wastes buried at Fernald originated elsewhere. They were shipped to
Fernald, supposedly for processing. But Fernald was shipping out only 10% of the wastes it was
receiving, making it a de facto Radwaste Dump, the third largest in the nation.
19. The sign says "CAUTION: ASBESTOS WASTE DISPOSAL SITE."
Not only are
radioactive wastes being disposed of here, but a variety of other hazardous wastes are being dumped
here as well.
20. The two silos to the L are
the K65 wastes, the right are apparently empty. The berms have
been piled up against the K-65 silos for two reasons. They shield to an extent the radiation.
(Gamma wastes it was receiving, making it a de facto Radwaste Dump. radiation is still 6x
elevated at the fence beyond the woods in the rear of the picture.) The berms also act to support
the walls which would otherwise collapse under the pressure from the wastes inside.
21. Large amounts of contaminated copper scrap sits exposed to the weather.
22. The black cylinders are reactors to reduce nitrates to nitrogen
gas. Nitrates of uranium are a
major form of uranium salt handled at the plant. Nitrates released into the environment lead to
acid rain and nitrate contamination of waters down wind.
23. Drums of unenriched
uranium materials sit outside of Plant 8. Hydrogen fluoride may be
found in the green tanks on the ground. HF is used to dissolve uranium, and is the most power
mineral acid. It is used to etch glass.)
24. The silo in which
thorium is stored. There are several sites of thorium storage around
Fernald Facility. Gamma radiation levels near the silo were hundreds of times above background.
25. The red barrels
appearing in this shot of Plant 8 contain enriched uranium, making
considerably more radioactive than the black barrels (see 23.)
26. The packaging site
for "green salt", uranium tetrafluoride, produced when uranium is dissolved
in HF (see 23). Note that the "green salt" is extremely dusty. From the bare arms on this black employee, it would appear that there has been little improvement is this high exposure site over the last two years.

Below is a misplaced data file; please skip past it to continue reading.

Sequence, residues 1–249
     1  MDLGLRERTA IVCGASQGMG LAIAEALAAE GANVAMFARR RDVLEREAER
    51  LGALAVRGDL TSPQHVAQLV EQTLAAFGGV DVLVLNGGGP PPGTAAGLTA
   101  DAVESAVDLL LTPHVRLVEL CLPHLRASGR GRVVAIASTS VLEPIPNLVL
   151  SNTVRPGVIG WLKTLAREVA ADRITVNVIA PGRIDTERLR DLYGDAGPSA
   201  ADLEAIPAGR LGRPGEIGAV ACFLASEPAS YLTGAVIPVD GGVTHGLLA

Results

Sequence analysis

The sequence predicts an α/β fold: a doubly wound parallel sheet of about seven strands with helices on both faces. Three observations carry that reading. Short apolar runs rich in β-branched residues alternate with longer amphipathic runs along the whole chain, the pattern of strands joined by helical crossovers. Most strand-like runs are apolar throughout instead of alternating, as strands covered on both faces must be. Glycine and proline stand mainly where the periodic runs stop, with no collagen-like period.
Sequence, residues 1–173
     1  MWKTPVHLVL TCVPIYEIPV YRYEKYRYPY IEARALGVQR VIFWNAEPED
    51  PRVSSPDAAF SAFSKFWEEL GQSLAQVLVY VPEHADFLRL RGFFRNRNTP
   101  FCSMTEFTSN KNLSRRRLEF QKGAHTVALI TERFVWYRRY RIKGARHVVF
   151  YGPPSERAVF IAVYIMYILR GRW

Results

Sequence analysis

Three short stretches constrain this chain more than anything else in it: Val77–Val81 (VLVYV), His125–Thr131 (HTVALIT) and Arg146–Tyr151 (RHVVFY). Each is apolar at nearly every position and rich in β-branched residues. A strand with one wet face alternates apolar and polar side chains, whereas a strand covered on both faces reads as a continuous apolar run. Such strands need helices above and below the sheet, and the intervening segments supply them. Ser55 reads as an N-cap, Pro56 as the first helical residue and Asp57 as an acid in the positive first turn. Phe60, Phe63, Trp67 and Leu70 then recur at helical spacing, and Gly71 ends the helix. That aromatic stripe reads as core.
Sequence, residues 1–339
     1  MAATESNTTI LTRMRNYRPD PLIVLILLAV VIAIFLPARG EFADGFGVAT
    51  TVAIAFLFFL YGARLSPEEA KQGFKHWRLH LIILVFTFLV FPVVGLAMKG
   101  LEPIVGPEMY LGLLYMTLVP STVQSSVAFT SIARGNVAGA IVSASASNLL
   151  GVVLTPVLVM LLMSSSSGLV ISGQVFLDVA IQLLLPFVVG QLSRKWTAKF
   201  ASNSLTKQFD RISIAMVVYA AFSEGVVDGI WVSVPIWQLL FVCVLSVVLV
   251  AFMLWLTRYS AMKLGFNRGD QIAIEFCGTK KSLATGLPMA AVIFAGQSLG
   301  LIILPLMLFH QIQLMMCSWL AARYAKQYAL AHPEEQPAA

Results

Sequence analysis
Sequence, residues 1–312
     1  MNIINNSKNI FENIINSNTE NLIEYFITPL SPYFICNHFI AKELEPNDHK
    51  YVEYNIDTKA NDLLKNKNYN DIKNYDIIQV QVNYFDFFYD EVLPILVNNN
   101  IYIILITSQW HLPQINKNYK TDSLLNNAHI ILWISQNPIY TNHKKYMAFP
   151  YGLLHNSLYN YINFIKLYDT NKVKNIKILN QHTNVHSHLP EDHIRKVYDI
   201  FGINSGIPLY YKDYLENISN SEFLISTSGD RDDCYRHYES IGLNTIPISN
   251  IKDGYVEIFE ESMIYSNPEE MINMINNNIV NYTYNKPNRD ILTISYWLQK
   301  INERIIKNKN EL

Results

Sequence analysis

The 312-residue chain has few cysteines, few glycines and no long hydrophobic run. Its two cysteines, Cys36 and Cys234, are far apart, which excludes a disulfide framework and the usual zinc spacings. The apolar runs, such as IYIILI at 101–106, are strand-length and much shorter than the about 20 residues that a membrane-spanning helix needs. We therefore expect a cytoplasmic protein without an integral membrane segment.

27. The dangers of the packaging facility receive TV exposure.
28. Crucibles are being
prepared to receive Mg and UF4. Several workers were exposed
cleaning cylinders like these in August, '88.
29. The chute into which uranium tetrafluoride and Mg are poured
to be mixed and loaded into the
crucibles. This is a site with high potential for respiratory exposure to the green dust that flies up
30. Kilns where the mixture
of Mg and UF4 are heated to the point where the spontaneously
combust, leading to the reduction of the uranium to molten metal.
31. Round ingots of uranium
metal can be seen under the roof behind the plastic sheets. (Plastic
stops alpha particles, but not gamma, and not all betas.)
32. The tour is told that safety is important at the plant.
33. A large inventory of metallic uranium derbies sit outside in the weather at the corner of "Second and D Streets." Here is a large image of the same amazing picture...
34. Milling machine
used to machine uranium metal. Note that Westinghouse apparently
that the fumes to which workers had long been exposed were dangerous, installing the fume
control ducting. The freshly milled uranium is silver, but quickly begins to tarnish when exposed to oxygen, making these milled ingots appear bronzed.
35. Molten salt vat,
in which salt is heated to 1480 F at which temperature the salt becomes
molten. Uranium is cured at that temperature to alter its molecular structure. A worker was missing for months. Later, when the vat was emptied, they found his gold ring, belt buckle and keys.
36. In the machine shop,
a crane for transferring heavy uranium billets for machining on the machines
seen in the
37. Empty drums open on their sides, ready to be filled with green
salt, radioactive UF4.